The Andornot Discovery Interface was the perfect choice for meeting these requirements with a new search interface.  It offers:

  • Fast, relevancy-based keyword search results;
  • spelling corrections and did-you-mean suggestions of alternate terms;
  • faceted browsing to easily narrow down results;
  • hit-highlighting showing search words in context;
  • full-text indexing and searching; and
  • tools for saving and sharing records.

The CRTC library continues to use DB/TextWorks to manage the collection. Data is automatically exported with the Andornot Data Extraction Utility for indexing in AnDI.

You can try out the new catalogue at http://www.crtc.gc.ca/eng/Library/

Contact us to see how we can upgrade your search interface to meet current standards for usability and accessibility.

 

Designing the Fraser Health Patient Education Resources system

by Kathy Bryce Wednesday, November 28, 2012 3:36 PM

In 2010 Andornot was approached to develop a system to manage the patient education materials produced and recommended by Fraser Health Authority (FHA) staff. FHA serves over 1.6 million people and employs 26,000 staff spread out over 12 acute care hospitals and numerous other facilities.

The challenge was to identify and review all existing patient education resources both in hard copy and electronic formats. Types of material included general informational pamphlets or posters on topics such as smoking cessation or breastfeeding, plus procedure-based factsheets and discharge instructions. Add in to the mix the multiple language versions created to cater to the large Asian, Indo-Canadian, Korean, and Filipino populations, and the fact that there were multiple similar pamphlets on popular topics, as many hospitals had developed these on their own.

Andornot provides similar patient education resources systems to Vancouver Coastal Health and McGill University Health Centre and so had considerable experience in the workflow associated with managing these types of publication.

FH Patient Education search results

We chose to emulate various well-respected websites for patient health information and index every item by multiple categories, including Disorders & Conditions, Body Location and Demographic, as well as an uncontrolled Keywords field and MESH headings. In addition, fields were added for FHA Program information and site locations. Considerable planning went into the choice and values for each category in order to create facets to allow users to easily limit or expand their searches.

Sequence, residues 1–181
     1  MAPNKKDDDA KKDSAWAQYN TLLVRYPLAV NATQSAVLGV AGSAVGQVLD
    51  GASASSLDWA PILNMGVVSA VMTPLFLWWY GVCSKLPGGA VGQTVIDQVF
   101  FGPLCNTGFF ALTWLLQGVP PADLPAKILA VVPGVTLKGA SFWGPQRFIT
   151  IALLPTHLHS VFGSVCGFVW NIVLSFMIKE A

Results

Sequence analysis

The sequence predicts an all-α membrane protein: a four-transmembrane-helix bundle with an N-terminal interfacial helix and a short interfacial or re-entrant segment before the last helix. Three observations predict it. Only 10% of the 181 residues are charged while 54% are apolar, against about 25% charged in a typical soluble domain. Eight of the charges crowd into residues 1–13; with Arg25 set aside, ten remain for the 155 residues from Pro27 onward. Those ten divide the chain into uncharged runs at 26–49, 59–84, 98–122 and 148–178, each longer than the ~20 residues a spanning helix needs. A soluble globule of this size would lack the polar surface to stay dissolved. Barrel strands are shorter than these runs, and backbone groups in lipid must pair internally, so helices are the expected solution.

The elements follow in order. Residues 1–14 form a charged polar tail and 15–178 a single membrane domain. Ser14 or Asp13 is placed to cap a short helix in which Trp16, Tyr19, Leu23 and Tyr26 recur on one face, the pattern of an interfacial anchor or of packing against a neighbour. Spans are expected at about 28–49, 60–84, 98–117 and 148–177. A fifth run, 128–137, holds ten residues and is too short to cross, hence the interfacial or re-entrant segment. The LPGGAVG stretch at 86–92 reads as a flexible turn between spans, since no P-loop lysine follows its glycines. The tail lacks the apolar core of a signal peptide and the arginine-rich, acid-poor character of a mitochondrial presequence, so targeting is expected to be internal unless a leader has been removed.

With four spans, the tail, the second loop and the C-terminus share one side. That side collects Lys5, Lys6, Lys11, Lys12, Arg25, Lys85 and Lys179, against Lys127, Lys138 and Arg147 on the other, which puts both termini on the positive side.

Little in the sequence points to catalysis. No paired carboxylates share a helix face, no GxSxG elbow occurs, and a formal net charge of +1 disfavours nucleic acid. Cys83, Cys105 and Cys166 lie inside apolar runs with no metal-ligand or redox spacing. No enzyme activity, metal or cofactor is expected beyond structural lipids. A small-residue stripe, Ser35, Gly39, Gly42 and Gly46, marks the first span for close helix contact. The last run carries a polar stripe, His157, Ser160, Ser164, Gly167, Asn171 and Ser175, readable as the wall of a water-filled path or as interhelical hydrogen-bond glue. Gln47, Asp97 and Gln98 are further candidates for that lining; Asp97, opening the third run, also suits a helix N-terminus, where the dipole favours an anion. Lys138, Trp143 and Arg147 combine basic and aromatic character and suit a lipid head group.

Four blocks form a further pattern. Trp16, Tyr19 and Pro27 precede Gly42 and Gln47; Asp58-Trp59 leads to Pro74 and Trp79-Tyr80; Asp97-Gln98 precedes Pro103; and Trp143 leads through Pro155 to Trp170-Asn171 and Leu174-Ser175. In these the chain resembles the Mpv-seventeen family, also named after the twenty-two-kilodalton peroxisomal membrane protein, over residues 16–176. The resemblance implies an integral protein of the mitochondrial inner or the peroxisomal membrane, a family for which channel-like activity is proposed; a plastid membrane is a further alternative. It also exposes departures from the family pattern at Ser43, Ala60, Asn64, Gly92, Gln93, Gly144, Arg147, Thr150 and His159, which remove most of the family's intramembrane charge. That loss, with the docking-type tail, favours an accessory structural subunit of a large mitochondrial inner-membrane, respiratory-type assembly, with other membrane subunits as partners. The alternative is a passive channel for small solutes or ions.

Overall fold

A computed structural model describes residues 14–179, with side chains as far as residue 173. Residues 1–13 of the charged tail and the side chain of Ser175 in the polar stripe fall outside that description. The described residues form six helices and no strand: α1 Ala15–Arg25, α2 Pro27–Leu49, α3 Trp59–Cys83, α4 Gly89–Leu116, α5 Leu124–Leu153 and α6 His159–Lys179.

We prototyped the catalog aspect of the system using Inmagic DB/TextWorks, and a library technician with a medical transcriptionist background was hired to do the first pass of data entry. DB/TextWorks is a great tool for this, as inevitably the scope changed during the project as different types of resources were uncovered, and integration with the FHA Print Shop was added to facilitate the ordering of multiple copies. 

Once a thousand or so items had been catalogued and the system parameters finalized, we transitioned to a SQL Server database with a Solr based front end search using our Andornot Discovery Interface (AnDI). This allows us to better specify relationships between documents, i.e. for multiple language versions, plus it supports versioning.    Searching for medical terms can be challenging with acronyms and abbreviations, as as well as problems with correct spelling.

Apart from the refine by facets capability, the new system features automatic truncation and a Did You Mean capability, so for example if a user types “anasthesia” they will be directed to the correct spelling. Did You Mean example

The collection includes full-text documents created by healthcare professionals in FHA, plus links to the URLS’s of full-text documents created by other reliable organizations. FHA professionals are reviewing each publication for appropriate content in compliance with plain language and formatting standards.